A big part of Bitcoin’s claim to fame is its monetary policy.
There will only every be 21 million Bitcoin’s in existence.
This is a welcome relief from traditional currency where issuing banks purposefully devalue our holdings by printing more currency with motives that have nothing to do with our well-being.
At last, we can now store our purchasing power in a medium that is designed to be incorruptible.
Surely having a finite supply is the best monetary policy any currency can have, right?
The problem with Bitcoin’s finite supply
A finite supply is a great way to store value. Something I think Bitcoin is superior to any other asset in its ability to do.
(Yes I know bitcoin is volatile but investing is about forecasting the future not reading the obvious present. Anyone with two eyes can do that. Bitcoin is a new asset that is maturing so of course it’s going to be volatile. Having said this, you can see Bitcoin’s volatility dropping over time and I expect this trend to continue).
Nevertheless, a currency is more than just a store of value; it has to have three things going for it:
- A medium of exchange.
- A store of value.
- A unit of account.
A widely accepted medium of exchange can’t have a limited supply. This is because a limited supply means price appreciation (deflation) is expected and people avoid using things expected to go up in price to make purchases.
The ideal currency is one where the purchasing power is expected to remain stable. That is, neither inflation or deflation is expected.
For this to happen you need a currency with a supply that increases commensurate with the increase in goods and services that the currency will be used as a medium to exchange.
Accordingly, a fixed supply is undesirable. A fixed monetary policy is.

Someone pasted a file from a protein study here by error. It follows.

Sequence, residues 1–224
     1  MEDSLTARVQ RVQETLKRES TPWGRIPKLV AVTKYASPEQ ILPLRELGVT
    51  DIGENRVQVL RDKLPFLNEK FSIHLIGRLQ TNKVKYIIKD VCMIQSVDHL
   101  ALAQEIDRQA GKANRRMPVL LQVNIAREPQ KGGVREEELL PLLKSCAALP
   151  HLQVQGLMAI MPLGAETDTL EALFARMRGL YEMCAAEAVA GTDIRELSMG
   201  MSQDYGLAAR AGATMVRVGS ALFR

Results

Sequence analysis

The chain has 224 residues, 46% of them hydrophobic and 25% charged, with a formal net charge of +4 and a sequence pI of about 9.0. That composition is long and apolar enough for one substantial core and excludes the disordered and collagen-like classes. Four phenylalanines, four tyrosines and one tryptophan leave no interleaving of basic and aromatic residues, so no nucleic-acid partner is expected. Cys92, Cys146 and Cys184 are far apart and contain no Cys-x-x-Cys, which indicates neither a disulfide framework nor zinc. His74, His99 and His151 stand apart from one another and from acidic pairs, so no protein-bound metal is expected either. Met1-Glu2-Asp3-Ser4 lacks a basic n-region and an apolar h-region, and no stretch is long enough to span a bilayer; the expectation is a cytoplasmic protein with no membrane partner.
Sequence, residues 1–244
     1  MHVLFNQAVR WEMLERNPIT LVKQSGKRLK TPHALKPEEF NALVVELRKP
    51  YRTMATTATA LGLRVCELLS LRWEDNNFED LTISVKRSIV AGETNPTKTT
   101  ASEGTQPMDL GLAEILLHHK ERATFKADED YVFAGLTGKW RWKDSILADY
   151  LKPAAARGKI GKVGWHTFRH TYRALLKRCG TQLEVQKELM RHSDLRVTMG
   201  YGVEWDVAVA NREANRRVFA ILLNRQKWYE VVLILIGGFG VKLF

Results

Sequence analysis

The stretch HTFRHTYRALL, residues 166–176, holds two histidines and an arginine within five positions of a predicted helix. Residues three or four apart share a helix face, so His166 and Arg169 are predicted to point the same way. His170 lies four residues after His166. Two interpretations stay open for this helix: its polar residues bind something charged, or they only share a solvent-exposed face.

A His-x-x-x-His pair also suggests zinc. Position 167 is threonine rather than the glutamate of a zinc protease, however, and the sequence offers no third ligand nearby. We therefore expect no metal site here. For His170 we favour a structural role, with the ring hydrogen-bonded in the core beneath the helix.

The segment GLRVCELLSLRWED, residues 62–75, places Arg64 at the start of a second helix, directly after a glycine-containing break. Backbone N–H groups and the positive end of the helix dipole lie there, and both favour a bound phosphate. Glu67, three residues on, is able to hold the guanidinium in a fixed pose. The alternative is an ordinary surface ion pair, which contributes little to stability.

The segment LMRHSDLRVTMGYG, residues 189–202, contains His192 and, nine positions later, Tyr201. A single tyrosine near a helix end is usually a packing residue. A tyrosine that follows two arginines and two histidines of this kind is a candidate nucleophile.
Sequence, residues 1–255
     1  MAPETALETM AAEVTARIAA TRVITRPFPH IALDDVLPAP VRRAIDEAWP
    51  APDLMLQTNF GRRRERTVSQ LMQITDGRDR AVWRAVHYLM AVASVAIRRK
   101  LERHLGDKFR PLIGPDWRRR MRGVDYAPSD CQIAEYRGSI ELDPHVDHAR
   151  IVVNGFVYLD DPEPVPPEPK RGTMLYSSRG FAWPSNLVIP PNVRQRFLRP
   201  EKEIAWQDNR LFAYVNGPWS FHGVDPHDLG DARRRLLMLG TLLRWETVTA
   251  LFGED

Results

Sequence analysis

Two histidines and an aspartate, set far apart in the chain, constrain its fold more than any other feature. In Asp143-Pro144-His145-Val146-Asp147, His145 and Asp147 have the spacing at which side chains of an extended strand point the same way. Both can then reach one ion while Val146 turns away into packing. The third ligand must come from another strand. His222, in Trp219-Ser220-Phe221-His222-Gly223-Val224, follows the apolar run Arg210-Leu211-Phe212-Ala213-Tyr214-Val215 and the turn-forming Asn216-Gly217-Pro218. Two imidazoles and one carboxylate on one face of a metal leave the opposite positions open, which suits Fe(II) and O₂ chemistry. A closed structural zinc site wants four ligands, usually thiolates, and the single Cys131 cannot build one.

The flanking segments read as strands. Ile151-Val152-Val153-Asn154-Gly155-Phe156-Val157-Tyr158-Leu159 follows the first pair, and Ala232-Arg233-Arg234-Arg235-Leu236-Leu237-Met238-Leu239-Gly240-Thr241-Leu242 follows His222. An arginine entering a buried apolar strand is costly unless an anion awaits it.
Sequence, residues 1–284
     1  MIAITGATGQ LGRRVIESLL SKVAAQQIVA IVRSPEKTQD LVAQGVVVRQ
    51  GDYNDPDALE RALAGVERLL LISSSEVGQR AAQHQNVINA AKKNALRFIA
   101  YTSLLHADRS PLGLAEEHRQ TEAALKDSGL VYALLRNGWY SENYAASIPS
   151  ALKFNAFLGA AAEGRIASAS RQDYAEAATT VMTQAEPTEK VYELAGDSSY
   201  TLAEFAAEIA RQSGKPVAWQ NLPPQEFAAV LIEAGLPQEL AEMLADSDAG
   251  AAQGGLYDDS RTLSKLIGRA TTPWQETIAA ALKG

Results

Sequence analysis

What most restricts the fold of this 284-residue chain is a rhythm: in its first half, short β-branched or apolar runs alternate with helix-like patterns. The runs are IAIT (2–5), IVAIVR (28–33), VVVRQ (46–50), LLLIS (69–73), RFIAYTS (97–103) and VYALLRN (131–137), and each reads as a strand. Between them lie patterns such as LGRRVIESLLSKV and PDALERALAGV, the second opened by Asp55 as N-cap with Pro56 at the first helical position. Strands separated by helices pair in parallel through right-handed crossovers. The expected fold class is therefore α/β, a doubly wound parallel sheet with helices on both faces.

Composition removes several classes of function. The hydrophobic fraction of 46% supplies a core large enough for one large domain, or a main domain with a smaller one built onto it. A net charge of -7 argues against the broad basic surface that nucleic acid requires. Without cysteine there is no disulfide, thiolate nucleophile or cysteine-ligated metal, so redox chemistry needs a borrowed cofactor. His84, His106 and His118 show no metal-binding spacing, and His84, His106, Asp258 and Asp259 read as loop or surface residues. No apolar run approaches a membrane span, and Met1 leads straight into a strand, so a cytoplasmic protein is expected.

For this reason, I think Dogecoin, yes the “meme coin” which many use as “Exhibit A” when arguing that the top for cryptocurrency is upon us, is better suited to serve as the native currency of the internet than Bitcoin is.
Keep in mind, I’m talking about the mature state of these currencies. Right now, neither are suited for anything but speculation since they are both early in their maturation processes.
Dogecoin’s monetary policy:
Dogecoin started with a supply limit of 100 billion coins. By mid-2015 the 100 billionth Dogecoin had been mined with an additional 5 billion coins put into circulation every year thereafter. Although there is no theoretical supply limit, at this rate, the number of Dogecoins put into circulation will reach 200 billion by 2035.
The fixed number of new coins issued every year means the inflation rate will decrease every year.
The table below shows Dogecoin’s inflation rate through 2030:
|Supply of Dogecoins (billions)||Number of new coins issued over next 12 months (billions)||Inflation over next twelve months|
This moderate inflation rate seems commensurate with what I expect growth in usage to be after Dogecoin has matured.
As a currency, it seems Dogecoin’s monetary policy has the edge over Bitcoin.
As a user, I know more Dogecoins are going to be printed so I am more willing to part with mine in a transaction.
As a holder, I know the number of additional Dogecoins introduced every 12 months is fixed so I feel comfortable keeping my purchasing power in it.
Disclosure 1: Need I say this? Dogecoin and Bitcoin are speculative investments containing risk. This is not financial advice. Invest at your own risk. Never invest money you can’t afford to lose.
Disclosure 2: Author holds long positions in Bitcoin and Dogecoin